In the Garden
Q: Not for the first time, all of my rosemary plants died over the winter. What is causing this, and is there anything I can do to prevent it from happening?
A: The cold could well have done your rosemary in. Most rosemary varieties are hardy only to zone 8 and are harmed or even killed if temperatures dip into the teens. This is especially true if you are trying to grow ‘Tuscan Blue’ or any of the weeping varieties.
Soil quality could be playing a major role as well. Rosemary must have excellent drainage to survive. Even if it doesn’t get super cold, rosemary quickly succumbs to root rot if it’s sitting in constantly drenched soil in our rainy winters.
- Seahawks 39, Steelers 30: What the national media are saying about Russell Wilson and Seattle's turnaround
- On his birthday, Russell Wilson gives Seattle Seahawks perhaps his greatest game to beat Pittsburgh Steelers
- Girlfriend finds nothing funny about couple’s sense of humor
- Lake Stevens quarterback Jacob Eason gets visit from WSU’s Mike Leach; commitment to Georgia ‘in holding pattern’
- Could losing Jimmy Graham somehow help galvanize the Seattle Seahawks for a playoff run?
Most Read Stories
Considering that this winter we suffered extra cold temperatures, followed by record breaking rain, it’s not at all surprising that many of us will be replacing our rosemary plants this spring. You’ll want to replace them right away, by the way.
According to European folklore, if you have a beautiful rosemary growing in your garden, it means a woman is the head of the household. I’m sure that has nothing to do with why my wife, Mary, planted her rosemary on a raised berm constructed of especially well-drained soil and covers it any time there’s so much as a hint of freezing weather forecast on the evening news!
Q: I’ve heard talk about using wood chips as mulch over the years, but I’ve never been able to score any. How does one go about getting them?
A: Wood chips left over after the arborist runs tree branches through the grinder are the perfect mulch for use around woody plants. Applied at least 3 inches deep, wood chips give reasonably good weed control.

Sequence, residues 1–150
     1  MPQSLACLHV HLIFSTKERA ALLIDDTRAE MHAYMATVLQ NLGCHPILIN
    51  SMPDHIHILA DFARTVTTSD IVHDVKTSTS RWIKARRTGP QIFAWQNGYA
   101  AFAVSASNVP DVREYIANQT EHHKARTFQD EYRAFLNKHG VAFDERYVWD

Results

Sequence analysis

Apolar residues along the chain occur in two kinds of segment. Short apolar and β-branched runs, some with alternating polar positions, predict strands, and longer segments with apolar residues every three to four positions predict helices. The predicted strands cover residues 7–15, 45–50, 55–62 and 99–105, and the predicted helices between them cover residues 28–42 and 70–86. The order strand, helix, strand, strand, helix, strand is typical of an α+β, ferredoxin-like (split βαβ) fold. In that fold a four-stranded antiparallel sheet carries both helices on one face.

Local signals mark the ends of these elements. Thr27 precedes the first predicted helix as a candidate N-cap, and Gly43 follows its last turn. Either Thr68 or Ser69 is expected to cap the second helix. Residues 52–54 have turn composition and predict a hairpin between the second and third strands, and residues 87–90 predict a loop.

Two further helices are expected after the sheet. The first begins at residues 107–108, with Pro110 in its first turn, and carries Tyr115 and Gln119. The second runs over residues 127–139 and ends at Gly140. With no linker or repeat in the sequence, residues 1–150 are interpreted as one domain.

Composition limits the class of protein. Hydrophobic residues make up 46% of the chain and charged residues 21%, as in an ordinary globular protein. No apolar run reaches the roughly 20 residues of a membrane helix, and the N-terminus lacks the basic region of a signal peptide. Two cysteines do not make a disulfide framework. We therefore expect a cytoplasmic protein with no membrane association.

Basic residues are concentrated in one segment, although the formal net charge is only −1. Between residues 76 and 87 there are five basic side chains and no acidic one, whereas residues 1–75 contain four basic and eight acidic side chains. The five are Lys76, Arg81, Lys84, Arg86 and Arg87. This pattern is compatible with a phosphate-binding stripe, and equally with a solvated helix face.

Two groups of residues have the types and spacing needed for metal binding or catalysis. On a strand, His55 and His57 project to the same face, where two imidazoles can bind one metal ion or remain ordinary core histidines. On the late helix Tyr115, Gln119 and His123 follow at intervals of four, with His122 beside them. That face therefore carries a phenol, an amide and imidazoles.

They cool the soil surface in hot weather, slowing evaporation and thereby diminishing water consumption. In winter, a layer of wood chips protects roots from winter cold. They also don’t tend to pack down or repel water as does beauty bark.
Wood chips are especially good to use as mulch in tree and shrub beds because they increase mycorrhizae in the soil, making nutrients more available to woody plants. Best of all, wood chips break down in about a year forming a rich, high-quality topsoil.
As is true with any raw organic substance, wood chips will rob soil of nutrients if they are mixed into the soil, so it’s best to avoid using them in a perennial garden or vegetable garden where you move plants frequently.
As for finding wood chips, there’s a new service called Chip Drop that hooks up people like you with arborists. Go to www.chipdrop.in, where you may sign up for free wood chips or logs that will be delivered to your residence by tree-service companies.
First read the “Expectations of Service” to know how it works. For example, you should be aware that a load of wood chips can be from 4 to 12 yards, which is quite a pile. Also, look at timing and how to indicate where they should dump the chips.
Don’t make the mistake a friend made and forget to warn your spouse you’re having a load dropped at your house. She was not happy when she came out to find her car on the other side of a 10-yard pile of wood chips sitting right in the middle of the driveway!
Ciscoe Morris: email@example.com “Gardening With Ciscoe” airs at 10 a.m. Saturdays on KING 5.